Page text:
Give your old hardware new life.
First things first,
allow me to be honest. If this had been a smaller project, I probably would have used some A.C. Moore coupons to purchase new hardware. But considering I had 45 knobs (see my kitchen cabinet post) purchasing new didn’t quite fit the budget. Well, I did find out halfway into the cleaning process that one can find affordable hardware on Ebay. As to the quality of those pieces I am not certain. All of that aside, repurposing something you already have is actually quite satisfying. Before we move on to the nitty gritty, let me share a before photo of my cabinet and knobs.
It’s all in the prep!
When we installed these cabinets after moving them from their former home (again, see prior post), the knobs were bright shiny gold. Gold just isn’t our thing. Nothing wrong with it, but it just doesn’t suit our style. So my dear husband removed the knobs and quickly spray painted them a textured looking matte bronze color. No prep. Oops! He meant well god bless his heart. All surfaces in kitchens get at least a fine coating of grease unless you never actually cook in them. I hear there are actually people who have never cooked a thing in their kitchens? What!? Crazy talk I say. Anywho, we learned our lesson once the paint started to peel off the knobs and they began to feel like a toddler’s hands after eating a stack of maple syrup covered pancakes.
Hardware redo take 2
Is the above picture what’s for dinner? Well, I did actually text my mom with this picture of my boiling cabinet knobs and ask her over for dinner. Oddly she declined. Weird. So what is that mess? I read vinegar is the ticket for removing old paint from hardware and fortunately I own an old pot and always have vinegar in the house. Maybe this is a “duh” thing to mention but please don’t use a pot you use for cooking to try this method. After the vinegar and knobs came to a boil, I let them go until I saw the old paint start to peel off. Then I removed a knob using tongs (don’t burn yourselves dearies) and placed it on an old towel. After a quick dry off pat with the towel, I scrubbed the knob a bit with steel wool to remove any remaining paint and to scuff the surfaces a tad. Repeat. Repeat. Repeat. The whole process probably took me about an hour.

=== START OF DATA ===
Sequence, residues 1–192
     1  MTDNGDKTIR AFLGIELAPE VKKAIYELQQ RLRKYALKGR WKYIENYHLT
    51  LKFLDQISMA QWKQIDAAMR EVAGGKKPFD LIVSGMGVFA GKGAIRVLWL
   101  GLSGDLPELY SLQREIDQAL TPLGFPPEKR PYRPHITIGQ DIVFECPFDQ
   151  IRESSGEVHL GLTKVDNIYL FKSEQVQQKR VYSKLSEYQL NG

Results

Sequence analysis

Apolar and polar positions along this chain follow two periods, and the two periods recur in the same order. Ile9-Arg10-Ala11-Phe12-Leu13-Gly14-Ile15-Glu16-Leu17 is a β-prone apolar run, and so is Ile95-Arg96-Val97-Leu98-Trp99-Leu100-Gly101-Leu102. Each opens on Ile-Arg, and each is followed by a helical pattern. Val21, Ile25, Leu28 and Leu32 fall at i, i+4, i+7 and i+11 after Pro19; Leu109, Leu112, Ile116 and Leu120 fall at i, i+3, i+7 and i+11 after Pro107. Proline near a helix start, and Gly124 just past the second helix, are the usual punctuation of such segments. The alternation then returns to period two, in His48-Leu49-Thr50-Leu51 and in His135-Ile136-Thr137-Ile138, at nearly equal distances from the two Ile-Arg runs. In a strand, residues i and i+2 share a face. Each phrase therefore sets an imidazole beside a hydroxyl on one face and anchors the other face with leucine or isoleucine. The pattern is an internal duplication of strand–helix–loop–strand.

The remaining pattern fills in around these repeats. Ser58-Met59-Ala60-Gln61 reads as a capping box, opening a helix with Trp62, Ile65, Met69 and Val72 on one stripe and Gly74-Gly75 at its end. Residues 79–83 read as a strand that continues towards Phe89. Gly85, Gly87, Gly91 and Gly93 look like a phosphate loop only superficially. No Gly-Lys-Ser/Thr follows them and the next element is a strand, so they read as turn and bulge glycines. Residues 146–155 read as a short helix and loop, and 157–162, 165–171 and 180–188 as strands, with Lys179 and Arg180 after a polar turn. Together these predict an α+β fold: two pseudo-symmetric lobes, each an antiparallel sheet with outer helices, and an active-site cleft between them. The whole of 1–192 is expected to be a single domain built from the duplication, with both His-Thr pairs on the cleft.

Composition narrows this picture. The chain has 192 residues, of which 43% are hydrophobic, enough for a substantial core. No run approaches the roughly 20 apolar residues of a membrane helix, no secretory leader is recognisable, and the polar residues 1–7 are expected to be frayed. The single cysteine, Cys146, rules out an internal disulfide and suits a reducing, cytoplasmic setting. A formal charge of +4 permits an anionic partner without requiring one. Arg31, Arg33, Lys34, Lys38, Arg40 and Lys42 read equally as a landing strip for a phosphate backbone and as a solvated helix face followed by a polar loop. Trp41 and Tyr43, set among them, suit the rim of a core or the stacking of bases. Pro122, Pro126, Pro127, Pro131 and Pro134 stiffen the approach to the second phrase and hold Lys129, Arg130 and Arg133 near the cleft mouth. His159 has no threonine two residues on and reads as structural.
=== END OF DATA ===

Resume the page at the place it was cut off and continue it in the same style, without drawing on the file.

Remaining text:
What if the knobs haven’t been previously painted?
Then you get to skip the boiling vinegar part! Had my darling husband done this right the first time, he would have taken our gold knobs and simply cleaned them well with a degreasing product. To be on the safe side, I still recommend giving them a light scuff just to give the new paint something to grip.
The paint process
Kitchen skewers are such multitaskers. Make some kabobs for dinner or use them for painting. Here’s what I mean.
So high-tech, right? Place newspaper on grass, stick in skewers, place knobs on top, and spray away. That’s it. Seriously. I used a matte black Rust-Oleum spray paint with a built-in primer. There are plenty of other brands and colors to choose from just be sure to read instructions about drying time. This brand took very little time to feel dry to the touch but I waited a few days before putting them back on the cabinets. Not being done with the whole cabinet painting bit also had something to do with the wait.
The kitchen has been done for a few weeks now and I’m still in love with the results. Everything is holding up nicely even after wipe offs of a few cooking splatters and grime from general use.
- Steel Wool
- Degreasing product (see above)
- Old pot
- Old Towel
- Tongs or slotted spoon
- Wooden kitchen skewers
- Spray paint of choice